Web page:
In the following analysis, we refer to a patent ‘family’: this is a group of related patent filings that usually protect the same technology in multiple geographic locations. Companies with many patent families may be regarded as being highly innovative, since it may reflect multiple independent developments rather than one single patentable idea filed in a large number of countries. A family is regarded as ‘granted’ if it contains at least one granted patent, ‘pending’ if it contains at least one application, or otherwise ‘dead’. The search itself surfaced roughly 7,000 patent families, comprising a total of about 16,700 patents, all split across 2,251 different patent owners (‘assignees’).

Patent filing trends

Fast growth

Figure 1 Filing rates for QC patents has increased exponentially since around 2013. Note that data for 2021 onwards should be considered incomplete, because of the delay in publication of applications.

After relatively flat rates from about 2002, filing for QC related patents has been increasing at a roughly exponential rate since 2013. This is characterised by an approximate 50% YoY growth in filings, or a doubling period of about 1.4 years. This kind of rapid growth might be seen in similar fast-moving new technology fields such as AI, and helps underscore how quickly resources are being put into QC patent protection.

Small number of big players

Figure 2 Top 10 assignees (patent owners) by number of live patent families held, with breakdown of legal status of patent families and of filing locations. The 10 assignees listed here hold approximately 30% of the patent families in the data set.

Just under a third of all patent families found were assigned to the top 10 companies, when ranked by the size of their live patent family portfolios. ‘Big Tech’ companies comprise 4 of these top 10, including IBM with a large portfolio of 516 families, as well as Microsoft, Google (Alphabet), and Intel.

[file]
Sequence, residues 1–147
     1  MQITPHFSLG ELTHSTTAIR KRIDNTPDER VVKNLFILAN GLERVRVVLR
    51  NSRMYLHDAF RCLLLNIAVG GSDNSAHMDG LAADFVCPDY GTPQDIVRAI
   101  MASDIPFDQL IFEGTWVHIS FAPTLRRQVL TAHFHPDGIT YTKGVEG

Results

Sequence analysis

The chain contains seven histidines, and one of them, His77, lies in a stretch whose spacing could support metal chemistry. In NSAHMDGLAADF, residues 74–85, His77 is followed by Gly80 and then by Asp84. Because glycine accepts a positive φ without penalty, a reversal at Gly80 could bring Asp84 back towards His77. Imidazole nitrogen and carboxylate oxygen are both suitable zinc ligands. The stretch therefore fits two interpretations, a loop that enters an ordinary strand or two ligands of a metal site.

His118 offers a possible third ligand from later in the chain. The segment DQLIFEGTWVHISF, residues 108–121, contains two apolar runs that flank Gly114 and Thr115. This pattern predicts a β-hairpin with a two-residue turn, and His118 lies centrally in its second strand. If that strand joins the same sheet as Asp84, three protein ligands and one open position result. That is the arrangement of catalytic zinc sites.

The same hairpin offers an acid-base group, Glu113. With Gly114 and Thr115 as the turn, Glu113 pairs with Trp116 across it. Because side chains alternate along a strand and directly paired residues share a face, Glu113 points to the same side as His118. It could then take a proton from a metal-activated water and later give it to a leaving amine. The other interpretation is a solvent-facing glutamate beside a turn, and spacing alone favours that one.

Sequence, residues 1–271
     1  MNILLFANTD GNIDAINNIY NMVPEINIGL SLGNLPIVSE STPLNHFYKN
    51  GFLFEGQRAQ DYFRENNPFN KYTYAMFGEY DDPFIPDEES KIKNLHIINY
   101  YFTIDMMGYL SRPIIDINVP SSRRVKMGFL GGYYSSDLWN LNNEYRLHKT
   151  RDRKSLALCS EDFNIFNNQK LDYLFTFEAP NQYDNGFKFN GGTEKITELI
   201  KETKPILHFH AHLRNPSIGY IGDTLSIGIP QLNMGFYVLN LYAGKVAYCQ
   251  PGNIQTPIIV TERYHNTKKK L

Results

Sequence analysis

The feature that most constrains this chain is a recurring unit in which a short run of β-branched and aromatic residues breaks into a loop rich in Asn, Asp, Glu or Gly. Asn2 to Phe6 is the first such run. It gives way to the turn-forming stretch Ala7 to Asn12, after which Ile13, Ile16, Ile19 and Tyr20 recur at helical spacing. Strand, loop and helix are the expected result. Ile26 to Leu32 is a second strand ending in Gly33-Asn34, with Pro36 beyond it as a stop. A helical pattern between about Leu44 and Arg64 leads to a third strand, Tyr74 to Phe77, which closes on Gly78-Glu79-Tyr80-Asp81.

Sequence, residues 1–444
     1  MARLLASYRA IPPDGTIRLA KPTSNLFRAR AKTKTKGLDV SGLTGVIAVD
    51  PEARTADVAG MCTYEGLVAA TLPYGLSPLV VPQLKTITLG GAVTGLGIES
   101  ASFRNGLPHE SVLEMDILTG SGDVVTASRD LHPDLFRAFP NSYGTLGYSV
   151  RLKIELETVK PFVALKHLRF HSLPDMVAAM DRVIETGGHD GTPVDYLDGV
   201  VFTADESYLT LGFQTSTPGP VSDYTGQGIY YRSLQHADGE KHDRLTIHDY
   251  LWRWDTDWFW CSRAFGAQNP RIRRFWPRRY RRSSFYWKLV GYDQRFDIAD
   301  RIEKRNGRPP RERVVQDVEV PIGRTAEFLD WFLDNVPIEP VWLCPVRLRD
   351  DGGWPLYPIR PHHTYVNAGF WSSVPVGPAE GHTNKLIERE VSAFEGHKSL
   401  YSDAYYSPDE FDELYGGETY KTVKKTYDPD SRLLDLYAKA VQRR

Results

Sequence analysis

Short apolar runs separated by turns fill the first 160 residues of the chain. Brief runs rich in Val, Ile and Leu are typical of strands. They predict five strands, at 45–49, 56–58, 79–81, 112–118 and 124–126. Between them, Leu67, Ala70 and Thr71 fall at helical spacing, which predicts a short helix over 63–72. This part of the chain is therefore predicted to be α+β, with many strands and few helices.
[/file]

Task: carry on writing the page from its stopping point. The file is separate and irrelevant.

IBM and Google overtook D-Wave in 2017 as the former largest patent holder in this space, with advancements in that year such as IBM’s 20-qubit cloud offering and Google’s partnership with VW Group to bring QC technology to the automotive industry.

Further comparison of these top players is shown in Figure 3, with portfolio age along the x-axis vs number of granted families on the y-axis: assignees towards the top right have younger portfolios with more granted families. While IBM leads convincingly in raw quantity of granted families, Ruban, Origin and Baidu (all based in China) have younger portfolios. D-Wave has a more mature portfolio, reflecting their relatively long running involvement in QC as a field.

Figure 3 Granted patent families against the average priority date of granted patents in a company's portfolio. Dot size represents the full size of an assignee's portfolio.

China's rapid growth

Figure 4 Jurisdictional filing rates since 2013.

Referring to the geographical filing rates shown in Figure 4, China has yet to overtake the US as principal location of filing for QC patents in any year with complete data. However, the evidence from the as-yet-incomplete rates from 2021 indicate this will likely be the case once all patents have been published publicly. For the UK’s part, 173 pending and granted families are recorded as filed directly with the UKIPO, along with another 212 granted European Patents in force in the UK. This puts the UK just below Germany in terms of European filing locations, and highlights the gulf between this jurisdiction and other Western IPOs such as Australia (406 live families), Canada (500 live families), and the dominant USA (3058 live families).